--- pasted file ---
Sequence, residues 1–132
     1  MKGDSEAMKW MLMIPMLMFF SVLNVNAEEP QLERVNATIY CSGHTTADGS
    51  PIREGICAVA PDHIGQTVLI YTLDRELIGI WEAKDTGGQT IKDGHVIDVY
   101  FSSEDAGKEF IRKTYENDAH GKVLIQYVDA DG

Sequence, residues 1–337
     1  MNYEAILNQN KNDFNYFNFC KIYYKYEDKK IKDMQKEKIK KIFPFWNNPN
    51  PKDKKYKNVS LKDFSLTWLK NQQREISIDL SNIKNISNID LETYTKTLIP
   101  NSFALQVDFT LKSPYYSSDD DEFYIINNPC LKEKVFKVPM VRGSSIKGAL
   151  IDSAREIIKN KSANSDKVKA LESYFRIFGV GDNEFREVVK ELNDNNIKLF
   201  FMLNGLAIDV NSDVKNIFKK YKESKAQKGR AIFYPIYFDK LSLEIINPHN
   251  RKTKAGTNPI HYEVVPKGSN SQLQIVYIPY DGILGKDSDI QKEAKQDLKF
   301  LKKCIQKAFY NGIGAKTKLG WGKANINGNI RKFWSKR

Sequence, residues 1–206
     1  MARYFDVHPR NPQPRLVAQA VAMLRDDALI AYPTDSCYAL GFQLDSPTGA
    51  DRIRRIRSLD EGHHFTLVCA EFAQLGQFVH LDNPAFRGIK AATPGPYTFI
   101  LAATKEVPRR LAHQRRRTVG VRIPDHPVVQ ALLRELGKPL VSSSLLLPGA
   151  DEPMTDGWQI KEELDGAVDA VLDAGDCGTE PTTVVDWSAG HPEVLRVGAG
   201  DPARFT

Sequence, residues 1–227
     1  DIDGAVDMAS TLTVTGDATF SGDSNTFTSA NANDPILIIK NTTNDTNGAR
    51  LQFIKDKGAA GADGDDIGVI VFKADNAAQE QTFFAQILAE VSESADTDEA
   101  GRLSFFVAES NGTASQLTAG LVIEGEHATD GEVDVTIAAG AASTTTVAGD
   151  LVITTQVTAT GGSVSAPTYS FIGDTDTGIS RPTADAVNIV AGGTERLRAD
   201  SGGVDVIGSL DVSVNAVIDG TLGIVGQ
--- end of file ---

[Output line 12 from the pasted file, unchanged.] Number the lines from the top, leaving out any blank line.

   301  LKKCIQKAFY NGIGAKTKLG WGKANINGNI RKFWSKR